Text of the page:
Windows 10, UWP and Jim Sweeney: a reasonable outburst?

NOTE: this was supposed to be released months ago. I just found it in my drafts.

A lot has been written on the subject of Jim Sweeney, the CEO of Epic Games. He presented some very (for the Windows community) outrageous cricitism based on a theory that UWP ecosystem is, in fact, locked down, and that Win32 applications do not have these restrictions.

Well, let me tell you something, and some of you won’t like it. (You know that I try to advocate MS sometimes.) That guy has a point.

If I wanted to publish a game right now, but not on the Windows Store, but through side channels, I’d have a problem. Not that it’s impossible (it isn’t), but it’s much harder. And if you had wanted to sideload that app:

  1. First, you’d need to find a way to enable these installations.
  2. Then, you’d need to have the app signed by a trusted CA. That might mean that you’ll need to install the dev’s CA as trusted. Do you trust your developer?
  3. After that, you’d have to find a way to install the app. Which is frankly not so difficult, if you have the tools, but if you don’t…

It’s not THAT harder than just simply installing apps from Store, but now it’s not one step, it’s at least three. But I think the point is in something else. By creating a closed ecosystem, Microsoft essentially creates a walled garden. For some of us, that’s not an issue, but from my own experience, no developer likes to have their options artificially limited. It’s also not pleasant if you have more easier options on one framework than on the other. Yes, I’m talking specifically about WinRT vs regular Win32 APIs. Tim Sweeney, albeit “silenced” by Phil Spencer from Microsoft, did have a point here. Because you can only use these sweetly simple options when you are on WinRT, UWP, and also Centennial – these are all Windows Store stuff. Whining of a disgraced dev? No, I like the options presented by UWP, I just want to use them in a non-sandboxed, non-containerized way if there’s a need to.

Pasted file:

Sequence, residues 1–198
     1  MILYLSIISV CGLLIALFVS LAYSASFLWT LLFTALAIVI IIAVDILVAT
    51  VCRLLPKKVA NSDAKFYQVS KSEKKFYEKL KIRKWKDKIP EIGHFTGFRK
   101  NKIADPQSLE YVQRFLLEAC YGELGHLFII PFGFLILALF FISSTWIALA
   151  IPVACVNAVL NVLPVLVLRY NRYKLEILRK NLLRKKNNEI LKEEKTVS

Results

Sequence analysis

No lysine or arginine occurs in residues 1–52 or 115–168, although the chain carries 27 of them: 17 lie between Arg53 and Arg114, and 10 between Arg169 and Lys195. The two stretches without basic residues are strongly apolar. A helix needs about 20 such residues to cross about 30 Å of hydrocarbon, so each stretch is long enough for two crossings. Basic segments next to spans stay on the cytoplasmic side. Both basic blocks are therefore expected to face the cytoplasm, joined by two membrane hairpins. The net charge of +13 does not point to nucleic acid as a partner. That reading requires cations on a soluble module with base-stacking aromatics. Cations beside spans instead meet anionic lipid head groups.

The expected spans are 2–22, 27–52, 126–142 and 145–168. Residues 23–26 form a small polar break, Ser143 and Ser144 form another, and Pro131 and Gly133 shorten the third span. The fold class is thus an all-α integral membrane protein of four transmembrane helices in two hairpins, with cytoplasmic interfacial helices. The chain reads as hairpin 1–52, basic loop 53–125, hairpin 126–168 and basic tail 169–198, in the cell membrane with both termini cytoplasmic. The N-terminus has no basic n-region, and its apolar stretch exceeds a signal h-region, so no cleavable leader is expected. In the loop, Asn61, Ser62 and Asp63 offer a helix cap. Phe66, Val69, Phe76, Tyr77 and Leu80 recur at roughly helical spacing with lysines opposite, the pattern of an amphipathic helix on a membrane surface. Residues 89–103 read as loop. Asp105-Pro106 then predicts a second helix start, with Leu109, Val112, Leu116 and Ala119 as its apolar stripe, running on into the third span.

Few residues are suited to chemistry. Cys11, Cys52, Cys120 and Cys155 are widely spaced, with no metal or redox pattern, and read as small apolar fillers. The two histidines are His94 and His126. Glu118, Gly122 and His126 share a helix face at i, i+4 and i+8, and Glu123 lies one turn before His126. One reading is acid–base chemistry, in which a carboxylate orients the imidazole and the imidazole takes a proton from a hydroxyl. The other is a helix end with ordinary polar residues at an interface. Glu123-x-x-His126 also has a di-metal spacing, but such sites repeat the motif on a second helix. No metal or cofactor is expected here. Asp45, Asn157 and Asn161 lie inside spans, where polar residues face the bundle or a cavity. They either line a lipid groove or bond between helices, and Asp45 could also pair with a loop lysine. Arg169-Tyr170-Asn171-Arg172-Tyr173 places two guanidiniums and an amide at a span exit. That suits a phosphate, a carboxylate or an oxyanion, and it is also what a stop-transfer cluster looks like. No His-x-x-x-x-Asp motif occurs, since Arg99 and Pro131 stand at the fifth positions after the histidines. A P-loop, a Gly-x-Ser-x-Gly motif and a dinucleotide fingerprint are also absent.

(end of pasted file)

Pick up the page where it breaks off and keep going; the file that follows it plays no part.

One of the arguments for UWP is the security. Yes, that’s true! Sandboxed environment helps to isolate apps from the system, and by passing certification in Store, the app shouldn’t cause much havoc to your data. That should also apply to the containerized Win32 apps (see Project Centennial). But, to be honest, most apps these days don’t go through manual certification at all, which is sad. And then I think that if I was to create a malicious app and try to push it to Store, what’s stopping me? (My reputation, of course, plus the laws. Not the point, though.)